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U.S. Troops Defeat Enemy Attack, Kill More Than 20 Pro-Saddam 'Die-hard' Fighters

By Gerry J. Gilmore
American Forces Press Service

WASHINGTON, June 13, 2003 – American troops in Iraq blunted a night attack by pro-Saddam regime fighters, counter- attacked, and routed the enemy, killing more than 20 in a June 13 battle fought north of Baghdad, according to the top U.S. general in Iraq.

"Last night we had some actions against part of our forces in that area," Army Lt. Gen. David D. McKiernan, the commander of U.S. and coalition land forces for Operation Iraqi Freedom, remarked to Pentagon reporters from his Baghdad headquarters during a June 13 video teleconference.

"The (U.S.) battalion that was engaged pursued those (enemy) forces, made contact with them, and killed over 20 of them," he noted.

The fighting, McKiernan explained, involved U.S. forces participating in Operation Peninsula Strike, a series of raids and searches undertaken to eliminate Saddam-regime loyalists remaining in Iraq. The 4th Infantry is leading the strike force.

The battle was fought in an area known as "the Peninsula," McKiernan continued, that's located northeast of the city of Balad, which is north of Baghdad. The area is a "hot spot," he pointed out, that's been identified by intelligence sources as harboring supporters of deposed dictator Saddam Hussein.

Iraqi fighters had attacked an element of the 3rd Infantry Division's 3rd Battalion, 7th Cavalry Regiment, which was working with the 4th division as part of Peninsula Strike, McKiernan explained.

The U.S. armor troops "were attacked at night, and then sought to gain and maintain contact with the enemy, which they did," McKiernan continued, "and then, took their toll on these attackers."

McKiernan noted that U.S. troops have detained more than 400 suspects as part of Peninsula Strike, which began June 9.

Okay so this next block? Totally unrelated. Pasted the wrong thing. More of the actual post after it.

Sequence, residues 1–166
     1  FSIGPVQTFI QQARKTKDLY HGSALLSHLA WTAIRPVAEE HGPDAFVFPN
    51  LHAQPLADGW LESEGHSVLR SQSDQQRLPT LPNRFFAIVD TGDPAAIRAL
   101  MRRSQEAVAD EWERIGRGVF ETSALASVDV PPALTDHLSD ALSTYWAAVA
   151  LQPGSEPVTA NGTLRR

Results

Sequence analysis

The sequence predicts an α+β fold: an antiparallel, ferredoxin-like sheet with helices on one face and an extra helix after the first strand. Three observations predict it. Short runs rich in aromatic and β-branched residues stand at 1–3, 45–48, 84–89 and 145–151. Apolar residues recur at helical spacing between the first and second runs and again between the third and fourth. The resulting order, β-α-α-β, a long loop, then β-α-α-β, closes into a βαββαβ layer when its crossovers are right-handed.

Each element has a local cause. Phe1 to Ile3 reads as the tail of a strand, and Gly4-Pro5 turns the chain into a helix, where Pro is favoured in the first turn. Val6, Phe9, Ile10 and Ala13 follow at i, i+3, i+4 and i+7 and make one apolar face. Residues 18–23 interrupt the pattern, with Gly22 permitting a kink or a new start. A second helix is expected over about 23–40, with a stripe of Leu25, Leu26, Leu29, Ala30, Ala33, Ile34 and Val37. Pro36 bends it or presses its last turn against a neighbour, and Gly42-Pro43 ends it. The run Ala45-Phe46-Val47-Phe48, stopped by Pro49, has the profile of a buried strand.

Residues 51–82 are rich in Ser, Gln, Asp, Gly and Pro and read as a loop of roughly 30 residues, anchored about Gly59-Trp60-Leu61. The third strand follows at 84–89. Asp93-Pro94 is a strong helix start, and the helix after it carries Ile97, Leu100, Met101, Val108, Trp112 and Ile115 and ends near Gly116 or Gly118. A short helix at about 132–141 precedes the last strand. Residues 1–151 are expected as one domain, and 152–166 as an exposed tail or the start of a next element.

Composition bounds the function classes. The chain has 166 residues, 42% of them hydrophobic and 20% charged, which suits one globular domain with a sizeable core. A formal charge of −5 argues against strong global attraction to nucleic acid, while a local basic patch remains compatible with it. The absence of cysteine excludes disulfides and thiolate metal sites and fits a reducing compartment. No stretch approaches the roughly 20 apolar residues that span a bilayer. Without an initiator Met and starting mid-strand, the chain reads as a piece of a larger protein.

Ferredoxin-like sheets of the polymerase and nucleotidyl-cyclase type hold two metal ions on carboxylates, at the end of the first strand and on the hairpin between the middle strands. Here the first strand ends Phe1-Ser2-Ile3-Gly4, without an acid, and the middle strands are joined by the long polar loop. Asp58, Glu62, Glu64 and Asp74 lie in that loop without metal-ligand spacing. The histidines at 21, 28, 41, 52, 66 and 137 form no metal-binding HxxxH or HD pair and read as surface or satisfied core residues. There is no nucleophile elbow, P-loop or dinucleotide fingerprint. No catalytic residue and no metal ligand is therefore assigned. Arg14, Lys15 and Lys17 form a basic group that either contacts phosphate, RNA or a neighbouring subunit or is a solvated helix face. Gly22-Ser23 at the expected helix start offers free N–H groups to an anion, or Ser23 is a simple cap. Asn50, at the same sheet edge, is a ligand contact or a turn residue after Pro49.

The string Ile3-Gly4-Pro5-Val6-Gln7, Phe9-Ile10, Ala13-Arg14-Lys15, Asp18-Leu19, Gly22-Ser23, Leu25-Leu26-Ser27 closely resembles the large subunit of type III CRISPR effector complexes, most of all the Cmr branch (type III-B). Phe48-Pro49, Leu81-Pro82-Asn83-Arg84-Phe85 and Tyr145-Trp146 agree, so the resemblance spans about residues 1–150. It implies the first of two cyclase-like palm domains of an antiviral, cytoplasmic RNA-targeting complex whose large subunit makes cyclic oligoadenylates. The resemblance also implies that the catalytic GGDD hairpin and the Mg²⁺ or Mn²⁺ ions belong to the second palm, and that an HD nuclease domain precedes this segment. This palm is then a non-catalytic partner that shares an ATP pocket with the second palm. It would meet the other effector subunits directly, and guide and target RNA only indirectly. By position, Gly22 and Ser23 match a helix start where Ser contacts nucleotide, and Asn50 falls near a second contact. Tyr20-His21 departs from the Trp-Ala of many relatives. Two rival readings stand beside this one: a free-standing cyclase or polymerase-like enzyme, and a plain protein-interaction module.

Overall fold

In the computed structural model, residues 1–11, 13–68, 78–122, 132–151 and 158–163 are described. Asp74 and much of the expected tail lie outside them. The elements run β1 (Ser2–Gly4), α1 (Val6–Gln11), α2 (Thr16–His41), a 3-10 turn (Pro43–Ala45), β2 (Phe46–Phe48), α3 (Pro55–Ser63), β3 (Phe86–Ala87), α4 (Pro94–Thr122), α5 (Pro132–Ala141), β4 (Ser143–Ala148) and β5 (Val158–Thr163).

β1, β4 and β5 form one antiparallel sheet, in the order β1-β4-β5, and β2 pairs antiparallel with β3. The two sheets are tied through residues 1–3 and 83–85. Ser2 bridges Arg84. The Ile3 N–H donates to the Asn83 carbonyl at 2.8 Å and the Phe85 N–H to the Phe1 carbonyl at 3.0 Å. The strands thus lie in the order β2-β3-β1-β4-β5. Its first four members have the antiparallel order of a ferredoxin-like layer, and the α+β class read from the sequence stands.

Many detainees have since been released, the lieutenant general said, "because they did not have any intelligence value they just happened to be in the wrong place at the wrong time."

However, McKiernan noted, U.S. forces still have more than 50 Iraqis in custody who were captured during the operation.

These people will be moved to a U.S. detention facility in Baghdad, he said, where "we'll do some further interrogations on them."

U.S. Defense Secretary Donald H. Rumsfeld told reporters June 10 at Fort Sao Juliao, Portugal, that surviving followers of the defunct Hussein regime "are the ones that are periodically attacking coalition forces, sometimes successfully."

These pro-Saddam die-hards include Fedayeen Saddam paramilitary, Baathists and former Iraqi military, Rumsfeld said.

"There are still those that are loyal to a regime that is no longer in power, that we will continue to have to seek out, close with, and either apprehend them or destroy them," McKiernan pointed out.

And it "will take some time," McKiernan pointed out, to root out Saddam supporters still in Iraq.

McKiernan, who's slated to soon turn over the command of Coalition Task Force 7 to Army Lt. Gen. Ricardo S. Sanchez, expressed his pride in the U.S. and coalition troops pulling duty in Iraq.

On May 1 President Bush declared that major combat operations in Iraq had ended. And, McKiernan noted, much has been done to promote peace and stability in Iraq in the 86 days since Operation Iraqi Freedom commenced.

"I think it's a remarkable achievement of where we're at right now, given the fact that those 86 days were proceeded by 30 years of terrorism, brutality," the lieutenant general explained, noting the Iraqi people's quality of life has been improving every day since the end of the war.

Saddam controlled "a completely oppressive and repressive regime that took all the rich resources of Iraq and plowed them back into regime residences and military and did not invest those resources into the people of Iraq," McKiernan said.

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